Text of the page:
These measures are subject to Ofgem [GEMA] approval, who would need to be satisfied that any such measures would be in the interests of customers in terms of ensuring the reliability of their energy supply.
Who does what in the electricity Industry?
Electricity generation is the production of electricity from fossil fuels and nuclear power stations as well as renewable sources such as wind, biomass and hydro. Electricity generators sell the electricity they produce in the wholesale market to electricity suppliers.
The supply of electricity involves buying electricity and selling it to consumers. Electricity suppliers have contracts with electricity generators to provide the energy their customers use.
The Department of Energy & Climate Change (DECC) is the Government department that works to make sure the UK has secure, clean, affordable energy supplies. DECC are responsible for setting energy policy and responsible for energy security; making sure UK businesses and households have secure supplies of energy for light and power, heat and transport.
In 2011 the Government published its White Paper on Electricity Market Reform (EMR).
The 2012 Energy Bill which is currently progressing through parliament will provide the necessary legislation for the reforms to come in to force.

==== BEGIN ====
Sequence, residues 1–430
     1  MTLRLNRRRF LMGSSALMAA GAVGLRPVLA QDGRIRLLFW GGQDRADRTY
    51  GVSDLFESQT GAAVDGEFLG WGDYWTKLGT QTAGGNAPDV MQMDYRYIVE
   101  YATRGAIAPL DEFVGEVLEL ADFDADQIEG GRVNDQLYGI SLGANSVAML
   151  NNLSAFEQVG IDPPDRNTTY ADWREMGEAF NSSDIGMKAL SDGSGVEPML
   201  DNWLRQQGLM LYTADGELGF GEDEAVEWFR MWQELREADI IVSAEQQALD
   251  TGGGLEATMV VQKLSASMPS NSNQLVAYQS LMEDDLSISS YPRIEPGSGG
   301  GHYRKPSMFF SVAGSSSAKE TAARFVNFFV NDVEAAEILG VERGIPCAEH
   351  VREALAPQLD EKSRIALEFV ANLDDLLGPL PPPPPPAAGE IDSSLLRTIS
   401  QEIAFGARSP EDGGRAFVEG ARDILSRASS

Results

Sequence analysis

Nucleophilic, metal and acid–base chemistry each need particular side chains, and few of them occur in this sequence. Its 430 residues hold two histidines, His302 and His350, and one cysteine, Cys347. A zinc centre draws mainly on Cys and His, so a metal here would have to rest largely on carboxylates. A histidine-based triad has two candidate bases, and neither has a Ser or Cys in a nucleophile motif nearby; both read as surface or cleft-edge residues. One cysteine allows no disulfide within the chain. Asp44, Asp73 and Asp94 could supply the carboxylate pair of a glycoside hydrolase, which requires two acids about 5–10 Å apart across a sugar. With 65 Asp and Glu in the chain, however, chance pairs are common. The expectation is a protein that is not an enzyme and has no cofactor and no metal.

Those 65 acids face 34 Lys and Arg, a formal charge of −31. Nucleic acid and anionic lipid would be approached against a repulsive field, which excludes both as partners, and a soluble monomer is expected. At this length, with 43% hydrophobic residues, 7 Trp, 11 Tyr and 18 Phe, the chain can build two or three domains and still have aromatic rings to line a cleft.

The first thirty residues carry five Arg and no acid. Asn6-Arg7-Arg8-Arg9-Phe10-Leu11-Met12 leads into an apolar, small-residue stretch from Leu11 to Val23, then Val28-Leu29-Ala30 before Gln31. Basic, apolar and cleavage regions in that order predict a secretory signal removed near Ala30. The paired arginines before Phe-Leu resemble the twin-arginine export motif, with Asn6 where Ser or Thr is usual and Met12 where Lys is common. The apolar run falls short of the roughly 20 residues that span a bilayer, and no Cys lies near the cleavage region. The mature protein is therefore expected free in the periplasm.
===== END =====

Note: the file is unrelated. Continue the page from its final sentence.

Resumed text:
Ofgem is the Office of Gas and Electricity Markets. While a Government agency, it works independent of Government and the energy industry.
Ofgem has a duty to protect the interests of consumers. They have a responsibility to ensure customers receive value for money for the energy they use and that their energy is delivered efficiently and reliably.
Ofgem supervise market activity, and regulate the energy networks as well as deliver Government schemes. Ofgem can take steps to ensure energy security in the event that the market does not deliver.
National Grid is/does not
But what can often be confused…
|In the UK National Grid is not an electricity supplier. We do not buy or sell the electricity we transport around the country.||Power stations can experience faults and stop generating, or electricity demand can be higher than originally forecast.
As System Operator, responsible for the day to day operation of the network, we need to be prepared for any unplanned activity. Therefore we have contracts with generators to provide electricity quickly should a plant fail. These are short term measures for operating the system day to day.
|In the UK National Grid does not generate power or own or operate any power stations.||National Grid is responsible for the operation of the high voltage network day to day.|
|National Grid does not own or operate the electricity distribution companies.||National Grid owns the high voltage network in England and Wales and operates the system across GB. Once power is generated, it enters the high voltage network and we transport it around the country where it feeds off into local electricity distribution networks.|
|National Grid is not responsible for the long term supply of energy.||While we are responsible for the day to day flow of energy on our network, we are not responsible for ensuring there is enough generation capacity connected in the long term. New generators wishing to connect to the high voltage network will apply to National Grid for a connection agreement, and generators wishing to shut down will also inform us of their plans. This means we are privy to a lot of data, and we publish many reports to the market annually so that the market can make commercial decisions and plan for the future.|